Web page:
As far as our achievements: we have been able to demonstrate that large contracts can be appropriately executed over a period of time—as I’ve said, there has not been a single default, so far. This shows that we have a world-class terminal, and we go about handling and managing it in a very professional manner (and we actually manage the facility with a much leaner team than some others). From an expense point of view, Petronet LNG has constructed the facility in an extremely cost-effective way. Construction was also completed in a very short period of time, if you look at world standards.

How did you manage to achieve such high standards of efficiency and technology, when Petronet LNG and its comprising companies were relatively new to the LNG business?

We had tremendous support from our fore-promoters—who had sound basic knowledge of the oil industry—and initially we took a good number of people from them. Secondly, Petronet LNG has an emphasis on training people, and re-training people, and exposing them to the new technologies that we produce, and to our company work practices. Lastly, we engage in rigorous monitoring of everything we do. I think that all of that put together has helped us achieve our world-class standard.

Petronet LNG consists of an international player, and four local partners. Many international companies in India feel that the best way—and perhaps the only way—to enter the Indian market is through local partnerships. What is your advice to foreign players who would like to enter the market in this country? Do you believe that, as in the case of GDF SUEZ and Petronet LNG, international players must seek local partners?
I think that it is perhaps the time to collaborate worldwide. Striking out on one’s own may not be a suitable thing to do, today. I believe that given the kind of challenges that currently exist in the oil and gas industry, companies are coming forward to forge partnerships at a rate that was not thought possible years back—whether it is for ultra-deep-water drilling, or competitors coming together to examine feasible technology, and even cost-sharing. So collaboration is becoming a natural thing to do.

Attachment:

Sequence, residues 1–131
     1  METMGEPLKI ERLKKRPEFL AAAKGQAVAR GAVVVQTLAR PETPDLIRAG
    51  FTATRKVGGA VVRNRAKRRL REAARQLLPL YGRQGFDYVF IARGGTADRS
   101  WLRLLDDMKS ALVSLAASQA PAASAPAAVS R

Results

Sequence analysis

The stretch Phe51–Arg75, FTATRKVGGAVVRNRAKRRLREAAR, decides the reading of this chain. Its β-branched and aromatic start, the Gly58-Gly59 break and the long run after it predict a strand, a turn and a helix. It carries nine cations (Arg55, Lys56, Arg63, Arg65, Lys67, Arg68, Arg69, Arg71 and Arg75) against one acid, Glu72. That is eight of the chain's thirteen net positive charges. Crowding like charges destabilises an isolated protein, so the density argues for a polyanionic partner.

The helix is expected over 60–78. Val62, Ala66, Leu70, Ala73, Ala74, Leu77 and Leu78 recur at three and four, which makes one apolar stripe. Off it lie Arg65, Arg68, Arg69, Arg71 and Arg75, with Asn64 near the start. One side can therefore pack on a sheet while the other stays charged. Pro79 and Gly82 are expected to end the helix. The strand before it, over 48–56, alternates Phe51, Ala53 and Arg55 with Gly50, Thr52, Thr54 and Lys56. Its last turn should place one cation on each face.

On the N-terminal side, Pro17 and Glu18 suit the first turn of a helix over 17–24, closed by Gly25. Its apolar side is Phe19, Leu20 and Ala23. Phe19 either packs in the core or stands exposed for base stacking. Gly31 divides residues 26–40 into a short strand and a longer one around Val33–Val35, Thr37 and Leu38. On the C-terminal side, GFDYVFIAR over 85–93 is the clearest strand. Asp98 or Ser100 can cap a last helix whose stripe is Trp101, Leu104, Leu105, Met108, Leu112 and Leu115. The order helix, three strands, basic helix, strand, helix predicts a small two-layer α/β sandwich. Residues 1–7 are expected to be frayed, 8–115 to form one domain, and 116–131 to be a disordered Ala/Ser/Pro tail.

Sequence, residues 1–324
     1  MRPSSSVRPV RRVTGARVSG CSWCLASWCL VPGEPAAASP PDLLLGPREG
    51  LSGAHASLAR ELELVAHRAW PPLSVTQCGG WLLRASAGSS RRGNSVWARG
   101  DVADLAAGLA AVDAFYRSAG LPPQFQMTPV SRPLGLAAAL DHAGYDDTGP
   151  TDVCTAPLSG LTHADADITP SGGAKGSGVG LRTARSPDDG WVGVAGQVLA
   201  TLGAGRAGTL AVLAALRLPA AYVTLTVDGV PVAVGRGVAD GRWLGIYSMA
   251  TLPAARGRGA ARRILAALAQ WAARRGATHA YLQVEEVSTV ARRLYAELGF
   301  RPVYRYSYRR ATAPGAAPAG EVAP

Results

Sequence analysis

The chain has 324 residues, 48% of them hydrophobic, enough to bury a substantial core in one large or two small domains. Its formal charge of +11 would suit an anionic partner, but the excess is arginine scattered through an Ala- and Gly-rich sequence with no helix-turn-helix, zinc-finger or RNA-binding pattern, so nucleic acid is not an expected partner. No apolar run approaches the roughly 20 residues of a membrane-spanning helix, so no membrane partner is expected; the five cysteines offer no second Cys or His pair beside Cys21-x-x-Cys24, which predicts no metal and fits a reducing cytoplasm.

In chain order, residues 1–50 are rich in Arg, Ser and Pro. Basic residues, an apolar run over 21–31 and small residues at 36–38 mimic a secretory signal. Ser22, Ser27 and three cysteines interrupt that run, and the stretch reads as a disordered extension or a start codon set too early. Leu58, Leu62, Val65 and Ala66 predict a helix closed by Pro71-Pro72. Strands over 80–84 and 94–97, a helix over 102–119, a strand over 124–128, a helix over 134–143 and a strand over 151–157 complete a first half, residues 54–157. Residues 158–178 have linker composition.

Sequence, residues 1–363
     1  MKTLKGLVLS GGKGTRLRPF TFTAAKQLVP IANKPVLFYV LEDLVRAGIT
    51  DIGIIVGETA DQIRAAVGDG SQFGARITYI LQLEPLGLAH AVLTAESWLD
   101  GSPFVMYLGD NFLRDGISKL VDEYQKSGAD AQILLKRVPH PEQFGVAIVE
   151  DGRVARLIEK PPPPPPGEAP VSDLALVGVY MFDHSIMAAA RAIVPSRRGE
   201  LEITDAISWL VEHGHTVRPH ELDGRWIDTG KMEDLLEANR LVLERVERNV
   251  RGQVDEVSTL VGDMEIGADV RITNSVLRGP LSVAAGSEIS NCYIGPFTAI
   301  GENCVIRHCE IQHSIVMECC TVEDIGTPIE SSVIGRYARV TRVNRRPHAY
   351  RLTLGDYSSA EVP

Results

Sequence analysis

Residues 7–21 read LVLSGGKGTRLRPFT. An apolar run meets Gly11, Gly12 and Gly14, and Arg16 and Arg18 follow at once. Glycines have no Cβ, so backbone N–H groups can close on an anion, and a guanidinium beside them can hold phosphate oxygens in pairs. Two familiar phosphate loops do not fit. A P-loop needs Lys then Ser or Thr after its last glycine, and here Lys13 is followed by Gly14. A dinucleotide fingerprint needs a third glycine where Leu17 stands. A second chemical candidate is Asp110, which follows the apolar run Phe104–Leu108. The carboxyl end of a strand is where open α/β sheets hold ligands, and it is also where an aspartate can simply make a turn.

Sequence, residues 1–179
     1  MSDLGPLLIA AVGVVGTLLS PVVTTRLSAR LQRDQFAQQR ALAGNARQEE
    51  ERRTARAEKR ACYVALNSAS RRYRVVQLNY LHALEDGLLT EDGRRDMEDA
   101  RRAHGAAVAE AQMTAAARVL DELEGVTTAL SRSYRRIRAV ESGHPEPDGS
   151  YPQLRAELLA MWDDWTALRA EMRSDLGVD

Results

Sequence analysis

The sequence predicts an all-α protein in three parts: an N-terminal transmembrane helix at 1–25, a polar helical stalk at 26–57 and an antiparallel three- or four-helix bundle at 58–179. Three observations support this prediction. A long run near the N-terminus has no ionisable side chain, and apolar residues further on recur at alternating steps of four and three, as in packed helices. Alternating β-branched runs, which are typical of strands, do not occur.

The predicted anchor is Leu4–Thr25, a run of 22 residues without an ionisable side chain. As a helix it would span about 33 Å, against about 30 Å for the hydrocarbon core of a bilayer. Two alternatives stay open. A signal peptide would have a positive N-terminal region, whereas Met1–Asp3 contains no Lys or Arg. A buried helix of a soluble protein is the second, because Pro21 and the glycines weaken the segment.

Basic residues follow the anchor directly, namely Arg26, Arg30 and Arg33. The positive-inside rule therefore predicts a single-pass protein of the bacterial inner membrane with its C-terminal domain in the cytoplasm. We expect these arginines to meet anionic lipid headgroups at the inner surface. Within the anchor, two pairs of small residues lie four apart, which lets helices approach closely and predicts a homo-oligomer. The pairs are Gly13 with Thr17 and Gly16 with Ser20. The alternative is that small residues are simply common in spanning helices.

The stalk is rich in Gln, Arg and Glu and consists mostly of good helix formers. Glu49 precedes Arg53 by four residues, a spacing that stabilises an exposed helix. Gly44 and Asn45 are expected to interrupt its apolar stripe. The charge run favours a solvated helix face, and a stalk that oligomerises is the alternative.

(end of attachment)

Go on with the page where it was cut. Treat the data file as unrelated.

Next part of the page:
Secondly, local companies—for example, Indian companies—have a tremendous amount of knowledge base, which I don’t think any new company entering the market would or could have. It is always good to collaborate with a company that has much more knowledge, data, and understanding of the local issues, local geology, local regulations, etc. And locals are also already comfortable working in their own environments. So such partnerships are not only a natural, but perhaps a much better way, to work—not only in India, but anywhere in the world.

Partnerships are certainly fruitful in this industry, especially in long-term projects, where companies can share risks and garner interesting opportunities together. Recently, Petronet LNG partnered with Exxon-Mobil to bring Australian resources to India—and Indian companies are, more and more, searching for resources abroad, in order to guarantee supply in the wake of the growing demand. How would you frame Petronet LNG internationalization process, and how would you portray the company as a partner of choice in international markets, as well as in India?

I think Petronet is perhaps entering a different phase. Having performed effectively for the last 8 years, we are looking at what other opportunities we can work on, whether they are inside or outside the country. Opportunities to diversify in certain areas; opportunities to forward-integrate, to backward-integrate. Again, Petronet LNG has the strength of our shareholders, because many of them are operating worldwide; it is a good idea for us to collaborate with them on international opportunities.

And we have a wonderful relationship with several major foreign companies, particularly in the LNG business (Exxon, for example); and it would be natural for us to look for opportunities in collaboration with them—again, worldwide.

I think Petronet LNG is now ready to open up, and look for opportunities in the baskets that are available for an LNG operator in adjoining areas of business, and work on that. Direct marketing, for example: there are huge opportunities for supplying gas in this country, in areas where pipelines cannot go. Secondly, power: a natural area for us to look into, particularly because India has a huge need for power. Similarly, to get access to equity gas, by moving forward in upstream along with our own promoters, or with some outside companies. Also, LNG infrastructure: we are looking to participate in building such infrastructure in the country, and outside.

If you could envision where Petronet LNG will be in the next five to ten years, what, ideally, are your ambitions?

Petronet LNG is in the process of evaluating our performance, and debating what we should be looking at in the next couple of years. We are intensely deliberating our business strategy for 2020—and as part of that, defining our goals, and our timeframe for achieving them. Offhand, I can only say that there is a great amount of enthusiasm to achieve certain targets that have been discussed, and we hope to present them to our board in the next board meeting: for example, doubling our volumes in the next 5-7 years.

Do you have a final message for the international readers of Oil & Gas Financial Journal, who are your potential partners worldwide?

In a country like India, which has a huge gas business market, it would be beneficial to collaborate with Petronet LNG, to capture some of those opportunities. And the early movers do have the advantage. We see that Petronet, as an early mover in LNG, has that advantage. So we would look forward to opportunities to collaborate both inside and outside India with any major player, on a long-term basis.